It’s not surprising that all the sophisticated demoes are for brands that have the money to invest in these things: casinos and telcos.

Everyone is so into this that they fail to notice that the demos are done by people that have been using it for a long time and have learnt the drag semantics.  The demos are so far baked that they all have their differing ideas for what dragging does and how the UI goes.  WPF can be used to break years of Windows UI consistency, and this new UI is a whole new UI that screaming excitement but hasn’t been given to anyone to really standardise or play with.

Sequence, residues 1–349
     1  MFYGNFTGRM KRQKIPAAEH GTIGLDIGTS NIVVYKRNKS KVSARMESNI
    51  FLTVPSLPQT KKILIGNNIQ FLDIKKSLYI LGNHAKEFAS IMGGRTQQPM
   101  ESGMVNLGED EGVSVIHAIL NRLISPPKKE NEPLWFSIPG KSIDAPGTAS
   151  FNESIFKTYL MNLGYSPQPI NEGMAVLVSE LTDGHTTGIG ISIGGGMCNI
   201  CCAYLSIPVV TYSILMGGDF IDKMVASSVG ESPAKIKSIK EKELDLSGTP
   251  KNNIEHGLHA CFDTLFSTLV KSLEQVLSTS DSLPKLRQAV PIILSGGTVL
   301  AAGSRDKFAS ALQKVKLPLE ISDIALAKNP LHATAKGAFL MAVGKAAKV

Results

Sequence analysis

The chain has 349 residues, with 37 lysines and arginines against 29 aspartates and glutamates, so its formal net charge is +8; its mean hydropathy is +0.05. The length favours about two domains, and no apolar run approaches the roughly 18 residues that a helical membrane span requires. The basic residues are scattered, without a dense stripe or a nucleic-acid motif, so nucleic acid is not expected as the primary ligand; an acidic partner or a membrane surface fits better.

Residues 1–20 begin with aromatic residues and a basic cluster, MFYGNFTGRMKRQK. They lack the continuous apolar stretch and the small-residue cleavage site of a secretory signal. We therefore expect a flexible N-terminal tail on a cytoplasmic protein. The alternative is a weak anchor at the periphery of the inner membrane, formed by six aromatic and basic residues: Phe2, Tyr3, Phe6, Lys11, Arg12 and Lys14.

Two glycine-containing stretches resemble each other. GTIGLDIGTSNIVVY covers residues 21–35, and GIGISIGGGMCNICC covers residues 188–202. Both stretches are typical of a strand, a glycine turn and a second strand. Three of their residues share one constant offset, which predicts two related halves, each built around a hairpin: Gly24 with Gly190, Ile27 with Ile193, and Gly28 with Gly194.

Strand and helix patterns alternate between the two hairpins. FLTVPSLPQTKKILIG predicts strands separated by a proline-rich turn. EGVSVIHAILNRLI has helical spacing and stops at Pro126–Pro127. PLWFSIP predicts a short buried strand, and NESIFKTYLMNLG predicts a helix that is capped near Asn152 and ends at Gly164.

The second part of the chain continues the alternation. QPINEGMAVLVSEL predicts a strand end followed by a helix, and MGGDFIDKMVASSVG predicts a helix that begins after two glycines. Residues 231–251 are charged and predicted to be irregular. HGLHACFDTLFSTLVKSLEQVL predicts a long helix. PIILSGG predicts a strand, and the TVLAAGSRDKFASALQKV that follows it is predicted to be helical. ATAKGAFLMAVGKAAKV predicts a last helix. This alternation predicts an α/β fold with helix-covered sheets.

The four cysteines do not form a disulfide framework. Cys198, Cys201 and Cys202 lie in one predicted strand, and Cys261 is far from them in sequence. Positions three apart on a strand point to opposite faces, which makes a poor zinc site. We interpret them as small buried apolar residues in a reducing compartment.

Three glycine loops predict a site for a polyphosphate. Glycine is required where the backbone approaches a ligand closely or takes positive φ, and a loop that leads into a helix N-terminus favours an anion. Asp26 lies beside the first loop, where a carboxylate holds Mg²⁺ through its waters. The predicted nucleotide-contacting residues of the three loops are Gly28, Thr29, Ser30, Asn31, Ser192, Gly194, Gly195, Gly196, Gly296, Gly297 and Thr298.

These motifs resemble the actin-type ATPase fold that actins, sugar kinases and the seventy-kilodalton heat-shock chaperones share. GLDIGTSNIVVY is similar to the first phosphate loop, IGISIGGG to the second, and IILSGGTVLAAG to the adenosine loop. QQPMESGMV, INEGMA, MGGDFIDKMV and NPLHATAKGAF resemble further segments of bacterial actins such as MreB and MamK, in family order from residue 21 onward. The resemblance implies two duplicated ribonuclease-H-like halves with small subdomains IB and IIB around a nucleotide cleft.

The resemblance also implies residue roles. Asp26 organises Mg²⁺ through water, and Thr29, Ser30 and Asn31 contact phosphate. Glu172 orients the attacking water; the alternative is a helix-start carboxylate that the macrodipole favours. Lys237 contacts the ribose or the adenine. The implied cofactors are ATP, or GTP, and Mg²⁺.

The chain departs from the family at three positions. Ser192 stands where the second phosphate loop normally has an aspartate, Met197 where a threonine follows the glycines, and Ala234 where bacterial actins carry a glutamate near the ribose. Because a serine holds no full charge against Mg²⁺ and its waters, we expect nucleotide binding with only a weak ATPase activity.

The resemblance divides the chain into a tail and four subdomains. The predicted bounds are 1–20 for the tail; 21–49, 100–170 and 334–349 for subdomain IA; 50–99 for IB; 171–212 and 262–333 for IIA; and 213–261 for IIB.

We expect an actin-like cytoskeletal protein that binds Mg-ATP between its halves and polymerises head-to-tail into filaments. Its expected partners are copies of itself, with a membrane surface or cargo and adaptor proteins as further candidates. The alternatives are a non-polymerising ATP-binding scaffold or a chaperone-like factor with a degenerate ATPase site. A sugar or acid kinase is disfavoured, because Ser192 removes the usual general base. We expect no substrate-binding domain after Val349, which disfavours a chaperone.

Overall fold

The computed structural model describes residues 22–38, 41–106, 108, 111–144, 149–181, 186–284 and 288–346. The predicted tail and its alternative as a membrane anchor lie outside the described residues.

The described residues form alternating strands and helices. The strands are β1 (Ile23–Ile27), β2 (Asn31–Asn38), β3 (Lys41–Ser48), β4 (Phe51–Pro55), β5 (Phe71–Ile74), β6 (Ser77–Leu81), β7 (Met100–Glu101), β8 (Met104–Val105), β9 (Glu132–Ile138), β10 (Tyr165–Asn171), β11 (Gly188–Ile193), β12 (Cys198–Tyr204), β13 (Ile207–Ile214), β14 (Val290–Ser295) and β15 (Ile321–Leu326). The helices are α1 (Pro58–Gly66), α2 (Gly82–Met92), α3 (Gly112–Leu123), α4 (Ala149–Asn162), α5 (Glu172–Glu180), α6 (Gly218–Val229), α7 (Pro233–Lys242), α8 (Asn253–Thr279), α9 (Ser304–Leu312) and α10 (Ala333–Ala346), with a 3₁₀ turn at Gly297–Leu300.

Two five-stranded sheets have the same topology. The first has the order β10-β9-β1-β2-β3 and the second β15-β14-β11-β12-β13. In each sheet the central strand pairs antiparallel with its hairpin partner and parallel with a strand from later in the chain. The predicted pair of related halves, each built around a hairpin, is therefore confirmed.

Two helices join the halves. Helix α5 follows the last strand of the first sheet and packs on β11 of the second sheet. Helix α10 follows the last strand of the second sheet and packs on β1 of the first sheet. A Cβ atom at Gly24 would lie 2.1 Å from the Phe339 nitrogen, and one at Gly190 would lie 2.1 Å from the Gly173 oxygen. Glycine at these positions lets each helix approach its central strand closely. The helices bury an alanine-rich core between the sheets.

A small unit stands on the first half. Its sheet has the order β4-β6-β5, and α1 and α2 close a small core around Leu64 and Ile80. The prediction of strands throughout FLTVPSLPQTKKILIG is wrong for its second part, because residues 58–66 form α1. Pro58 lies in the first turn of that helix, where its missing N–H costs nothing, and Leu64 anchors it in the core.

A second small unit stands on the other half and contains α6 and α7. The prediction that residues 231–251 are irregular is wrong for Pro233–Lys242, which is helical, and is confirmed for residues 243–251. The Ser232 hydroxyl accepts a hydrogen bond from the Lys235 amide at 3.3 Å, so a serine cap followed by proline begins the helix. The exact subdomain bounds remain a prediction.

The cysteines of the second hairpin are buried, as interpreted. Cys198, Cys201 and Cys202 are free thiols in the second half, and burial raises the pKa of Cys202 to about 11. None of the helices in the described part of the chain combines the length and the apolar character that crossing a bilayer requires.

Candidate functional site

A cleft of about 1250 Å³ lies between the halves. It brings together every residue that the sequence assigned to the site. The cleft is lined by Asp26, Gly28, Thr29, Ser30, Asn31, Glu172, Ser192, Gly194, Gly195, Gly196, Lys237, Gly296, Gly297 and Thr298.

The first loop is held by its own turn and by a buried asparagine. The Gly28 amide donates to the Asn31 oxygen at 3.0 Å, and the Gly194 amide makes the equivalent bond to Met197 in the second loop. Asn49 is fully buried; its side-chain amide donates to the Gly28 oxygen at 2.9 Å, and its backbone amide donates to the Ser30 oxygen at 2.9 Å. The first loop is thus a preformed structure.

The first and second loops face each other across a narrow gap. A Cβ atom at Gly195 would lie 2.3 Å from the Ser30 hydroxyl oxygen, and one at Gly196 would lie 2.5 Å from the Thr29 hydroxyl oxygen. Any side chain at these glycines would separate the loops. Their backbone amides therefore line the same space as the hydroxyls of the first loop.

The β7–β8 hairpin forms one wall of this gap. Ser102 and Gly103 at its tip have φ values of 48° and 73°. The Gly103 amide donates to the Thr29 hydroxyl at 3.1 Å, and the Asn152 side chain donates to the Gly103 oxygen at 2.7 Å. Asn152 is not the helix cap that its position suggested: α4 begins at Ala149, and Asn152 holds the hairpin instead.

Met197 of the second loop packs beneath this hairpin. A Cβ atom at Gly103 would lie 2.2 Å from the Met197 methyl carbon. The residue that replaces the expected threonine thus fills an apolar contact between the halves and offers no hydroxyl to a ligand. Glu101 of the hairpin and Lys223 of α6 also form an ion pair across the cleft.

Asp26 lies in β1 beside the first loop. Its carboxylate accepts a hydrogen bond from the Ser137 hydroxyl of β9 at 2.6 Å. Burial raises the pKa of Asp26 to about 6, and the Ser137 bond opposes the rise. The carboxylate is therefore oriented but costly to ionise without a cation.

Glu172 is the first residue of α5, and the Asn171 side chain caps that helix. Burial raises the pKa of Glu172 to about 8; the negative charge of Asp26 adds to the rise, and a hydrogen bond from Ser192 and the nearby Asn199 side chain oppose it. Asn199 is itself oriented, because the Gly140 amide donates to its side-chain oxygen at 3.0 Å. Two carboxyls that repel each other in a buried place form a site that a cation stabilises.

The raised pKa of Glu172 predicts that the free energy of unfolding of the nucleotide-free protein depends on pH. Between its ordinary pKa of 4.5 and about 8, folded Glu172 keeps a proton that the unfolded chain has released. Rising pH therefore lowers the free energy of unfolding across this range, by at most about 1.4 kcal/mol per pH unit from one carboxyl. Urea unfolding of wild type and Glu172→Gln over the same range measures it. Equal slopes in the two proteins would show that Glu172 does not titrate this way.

Oooo, Ahhhh, so when can even a developer get one at a reasonable price?  Is news really that slow, and everyone really that bored that they think this is really that innovative? 

“How can you say… or not be excited by…” – because I already asked myself the questions above, the first time I saw a Microsoft demo of the technology months ago.  Everyone seems to be acting like a kid in a candy store, but they haven’t yet realised that all the candy is made of promotional cut outs, because someone hasn’t yet finished developing the candy and their pocket money wont be able to afford this kind of candy for quite some time.

If it’s that innovative, then why does it take companies with deep pockets to get it rolling and drive the price down?